The Woman’s Role in an Islamic Society

For the establishment of a peaceful society, it is imperative that there is division of labour between man and woman according to their physical, intellectual, emotional abilities and aptitudes, writes DR. ROKHIYA JAFERI



God has said in the Holy Qur’an that men and jinn have been created only for worshipping (Him). In Islam, the apparent meaning of ‘worship’ is Salah, Fasting, Zakah (i.e. a religious tax on wealth) and pilgrimage. These acts of worship provide a base for keeping human relationships and dealing on an even keel. If these acts of worship fail to achieve these objectives of setting right the relation and dealings, then those prayers we offer are not given acceptance by God. For instance, God says that Prayer positively prevents the worshipper from vices and obscenity. It is conveyed, by implication, that if our Salah did not prevent us from indulging in obscenity and evil deeds, it is not Salah at all in its real sense.

Now let us probe what these obscene acts are. All those acts based on immodesty and particularly those pertaining to the relationship between man and woman, if not based on a moderate system – where they are given an appropriate place and position, enjoining equal rights which should be also be in conformity with their respective physical build up and temperaments and where duties have been assigned taking into consideration their relative merits and demerits – are included in the realm of obscenity.

In Islam, the position of women has been placed on a higher pedestal on two occasions. In the position of a mother, it has been said to her children that the heaven is underneath her feet. By this it means that her children can reach heaven and attain salvation only by being obedient to her and by not arousing her anger. As a mother her rights have been accepted to such an extent that if both father and mother were to command the presence of children simultaneously, it is the mother who shall have precedence in compliance over the command of their father. She has been accorded a dignified status in society as a daughter.

A father cannot contract the marriage of his daughter without her consent. On bringing up a daughter and on giving her a sound education and training, a father will not only be rewarded but also his sins would be forgiven; and he would be entitled to a very exalted position in heaven. Apart form these two positions, a woman has a third position which is her position as wife. In this position of a wife she has been given the right to demand her maintenance to meet her basic needs of life. If her husband refuses, she has been given the right to approach a court and seek divorce which, in Islamic parlance, is called Khula. She has been given the right to demand a portion of her husband’s income towards the educational needs of their children. She is entitled to regard her husband’s house as her own and run and manage it according to her will and wisdom. Collateral to this position is also the obedience to husband that has been made incumbent on her part.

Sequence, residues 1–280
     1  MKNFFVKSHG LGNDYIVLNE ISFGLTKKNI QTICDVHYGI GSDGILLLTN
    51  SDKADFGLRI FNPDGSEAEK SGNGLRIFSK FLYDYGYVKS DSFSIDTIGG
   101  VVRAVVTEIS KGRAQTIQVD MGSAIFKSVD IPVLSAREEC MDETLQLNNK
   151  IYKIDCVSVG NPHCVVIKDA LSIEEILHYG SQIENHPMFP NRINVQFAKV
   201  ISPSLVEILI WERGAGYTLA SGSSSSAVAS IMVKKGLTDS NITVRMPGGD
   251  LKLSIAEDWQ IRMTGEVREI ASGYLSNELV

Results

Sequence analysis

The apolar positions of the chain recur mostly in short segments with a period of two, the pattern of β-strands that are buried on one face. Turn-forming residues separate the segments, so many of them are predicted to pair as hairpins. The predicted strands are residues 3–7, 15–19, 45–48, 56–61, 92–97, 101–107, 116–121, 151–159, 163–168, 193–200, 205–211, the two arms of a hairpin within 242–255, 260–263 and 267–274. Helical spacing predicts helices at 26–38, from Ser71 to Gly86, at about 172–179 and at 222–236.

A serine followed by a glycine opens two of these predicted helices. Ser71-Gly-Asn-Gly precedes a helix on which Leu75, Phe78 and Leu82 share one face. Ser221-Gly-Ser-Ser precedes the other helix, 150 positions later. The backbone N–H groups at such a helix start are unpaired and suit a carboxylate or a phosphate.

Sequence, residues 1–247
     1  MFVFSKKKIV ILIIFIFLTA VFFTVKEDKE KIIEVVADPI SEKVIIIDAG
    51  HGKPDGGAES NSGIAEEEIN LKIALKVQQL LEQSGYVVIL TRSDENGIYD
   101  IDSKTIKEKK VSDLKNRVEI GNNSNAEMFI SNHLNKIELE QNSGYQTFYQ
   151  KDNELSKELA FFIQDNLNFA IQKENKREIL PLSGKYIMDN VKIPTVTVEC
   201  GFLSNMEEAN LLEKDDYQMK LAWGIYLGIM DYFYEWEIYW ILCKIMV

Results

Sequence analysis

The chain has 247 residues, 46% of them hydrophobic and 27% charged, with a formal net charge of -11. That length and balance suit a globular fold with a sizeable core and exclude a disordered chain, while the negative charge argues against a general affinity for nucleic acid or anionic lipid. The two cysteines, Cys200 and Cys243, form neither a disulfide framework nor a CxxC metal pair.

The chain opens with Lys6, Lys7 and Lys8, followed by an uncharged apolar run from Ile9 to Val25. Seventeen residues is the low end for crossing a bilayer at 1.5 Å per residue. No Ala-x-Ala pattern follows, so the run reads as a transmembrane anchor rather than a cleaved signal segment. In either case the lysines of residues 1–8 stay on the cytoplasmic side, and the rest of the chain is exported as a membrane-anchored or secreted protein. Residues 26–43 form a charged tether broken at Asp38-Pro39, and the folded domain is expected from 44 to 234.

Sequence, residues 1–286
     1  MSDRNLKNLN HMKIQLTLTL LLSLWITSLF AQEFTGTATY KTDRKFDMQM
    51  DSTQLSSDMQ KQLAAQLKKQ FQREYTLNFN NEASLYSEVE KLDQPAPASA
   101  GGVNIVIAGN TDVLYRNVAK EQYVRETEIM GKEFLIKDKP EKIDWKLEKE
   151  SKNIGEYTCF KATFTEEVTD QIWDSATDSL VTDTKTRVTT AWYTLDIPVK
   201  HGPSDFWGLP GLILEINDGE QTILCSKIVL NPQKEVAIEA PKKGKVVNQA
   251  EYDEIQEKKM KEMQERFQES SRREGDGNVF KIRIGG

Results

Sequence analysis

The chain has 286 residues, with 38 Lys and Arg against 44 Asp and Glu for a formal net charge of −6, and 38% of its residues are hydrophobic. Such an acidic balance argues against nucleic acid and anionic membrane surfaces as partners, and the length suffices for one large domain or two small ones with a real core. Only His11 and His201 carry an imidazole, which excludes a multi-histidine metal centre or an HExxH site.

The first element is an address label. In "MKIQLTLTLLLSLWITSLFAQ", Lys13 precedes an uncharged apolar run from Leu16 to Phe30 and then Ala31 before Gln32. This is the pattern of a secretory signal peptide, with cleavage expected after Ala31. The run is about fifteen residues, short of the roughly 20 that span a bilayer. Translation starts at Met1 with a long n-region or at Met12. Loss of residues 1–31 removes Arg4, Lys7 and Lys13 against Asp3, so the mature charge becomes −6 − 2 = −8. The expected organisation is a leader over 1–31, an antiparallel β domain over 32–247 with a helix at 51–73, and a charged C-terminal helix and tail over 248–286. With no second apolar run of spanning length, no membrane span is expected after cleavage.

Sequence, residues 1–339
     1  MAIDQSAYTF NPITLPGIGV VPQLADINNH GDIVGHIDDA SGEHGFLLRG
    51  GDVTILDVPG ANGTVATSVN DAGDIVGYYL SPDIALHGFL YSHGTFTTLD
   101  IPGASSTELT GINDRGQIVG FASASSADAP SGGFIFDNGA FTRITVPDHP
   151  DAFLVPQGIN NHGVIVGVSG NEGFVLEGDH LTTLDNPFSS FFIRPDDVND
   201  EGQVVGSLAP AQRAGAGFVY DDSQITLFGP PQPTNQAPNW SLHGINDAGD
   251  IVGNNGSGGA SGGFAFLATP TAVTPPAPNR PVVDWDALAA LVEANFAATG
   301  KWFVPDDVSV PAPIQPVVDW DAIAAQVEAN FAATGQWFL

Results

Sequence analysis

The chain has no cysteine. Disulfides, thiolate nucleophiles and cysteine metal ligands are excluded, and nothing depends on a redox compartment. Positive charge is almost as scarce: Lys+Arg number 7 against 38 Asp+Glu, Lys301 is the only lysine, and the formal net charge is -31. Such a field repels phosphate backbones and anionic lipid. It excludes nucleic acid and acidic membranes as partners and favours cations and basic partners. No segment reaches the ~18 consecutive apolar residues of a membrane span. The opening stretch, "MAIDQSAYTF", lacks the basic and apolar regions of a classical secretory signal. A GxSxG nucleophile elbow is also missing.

For the establishment of a peaceful society, it is imperative that there is division of labour between man and woman according to their physical, intellectual, emotional abilities and aptitudes. God has so created the physical frame of the woman, that they become physically and mentally weak for a few days every month. Medical science bears testimony to this fact that a majority of decisions taken by women during this period are erroneous. Even the most intelligent woman who, in normal times, is capable of better judgment than man, lacks the same confidence in her decisions during these periods of menstruation. No woman can seek riddance from this natural weakness associated with her sex.

The second important duty a woman performs – that of child-bearing and attainment of motherhood – is one which no man can equal even after a thousand years of service. The traumatic experience, both physical and mental, through which a woman passes to became a mother, and the kind of mental strain she undergoes is beyond even the imagination of man. Later on, at the time of giving birth, there are moments of life and death through which the woman passes. It is in view of this that, in Islam, the mother is not recompensed for a moment of the torture she underwent even if her children were to physically carry her on their shoulders in visiting the Ka’bah at Makkah on foot.